Road maps may differ, not the goal

Published 12:00 am Thursday, December 21, 2000

In preparing this week’s story on Hanukkah, I had the chance to visit with Zelda Millstein. She accompanied Democrat photographer Ben Hillyer and me to Temple B’Nai Israel and provided us with the materials for our picture.

We admired the many menorahs on hand, and she shared with us the Hanukkah traditions that she and other members of Temple B’Nai Israel follow.

We shared a laugh over my question regarding the connection between latkes and hashbrowns. I am positive a little research would prove that hashbrowns originated from these delicious potato pancakes.

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The history of the Jewish faith here in Natchez is a fascinating one, but that wasn’t what stayed with me after I left.

Something she said regarding the differences in religions repeated itself over and over: &uot;We are all trying to get to the same place, we are just using different maps to get there.&uot;

Upcoming are Hanukkah, Christmas and Kwaanza. All three are celebrated for different reasons, none anymore important than another.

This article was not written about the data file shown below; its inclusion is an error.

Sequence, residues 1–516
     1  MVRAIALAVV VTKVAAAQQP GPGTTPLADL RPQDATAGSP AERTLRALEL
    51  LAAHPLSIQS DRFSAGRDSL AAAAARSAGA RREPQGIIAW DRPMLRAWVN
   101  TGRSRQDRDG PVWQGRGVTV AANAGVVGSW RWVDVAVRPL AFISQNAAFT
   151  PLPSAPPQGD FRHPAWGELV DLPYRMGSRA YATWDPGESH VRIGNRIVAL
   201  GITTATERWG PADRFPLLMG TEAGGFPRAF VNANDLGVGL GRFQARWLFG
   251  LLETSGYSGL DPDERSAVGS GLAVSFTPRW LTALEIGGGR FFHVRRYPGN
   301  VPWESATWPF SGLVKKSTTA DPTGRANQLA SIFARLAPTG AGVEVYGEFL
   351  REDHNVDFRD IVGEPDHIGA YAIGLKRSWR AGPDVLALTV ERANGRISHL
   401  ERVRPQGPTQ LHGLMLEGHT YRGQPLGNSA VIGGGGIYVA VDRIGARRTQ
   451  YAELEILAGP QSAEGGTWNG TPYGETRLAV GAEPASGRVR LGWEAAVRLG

Perhaps if we could learn to view much of life with this statement in mind, we would find ourselves a nation united rather than divided.

I think that one reason the recent presidential race was so close is that most of America has been quietly moving to the center.

Rather than large groups of extreme right-wing and left-wing followers, we are becoming a nation of people who long for the same thing. I hope it isn’t too much to dream of a country that is run by level-headed politicians who care about everyone and not just their individual political parties.

I believe that most of us, regardless of race or religion want to raise our children in homes filled with love and laughter, and to be able to provide them with a good education. The majority of us want to be able to earn an honest paycheck and provide for ourselves and our families. We may have different political views or belong to different religious groups but our basic destinations are the same.

In other words, we are all looking to get to the same destination, we are just using different road maps to get there.

As you prepare to celebrate Christmas this year, or any other holiday of your religion, remind yourself and others of things you are celebrating. We have the freedom to worship as we choose; I hope we will learn to be tolerant of others and their choice of road maps.

Christina Hall is the food editor at The Democrat. She can be reached at 442-9101 or by e-mail at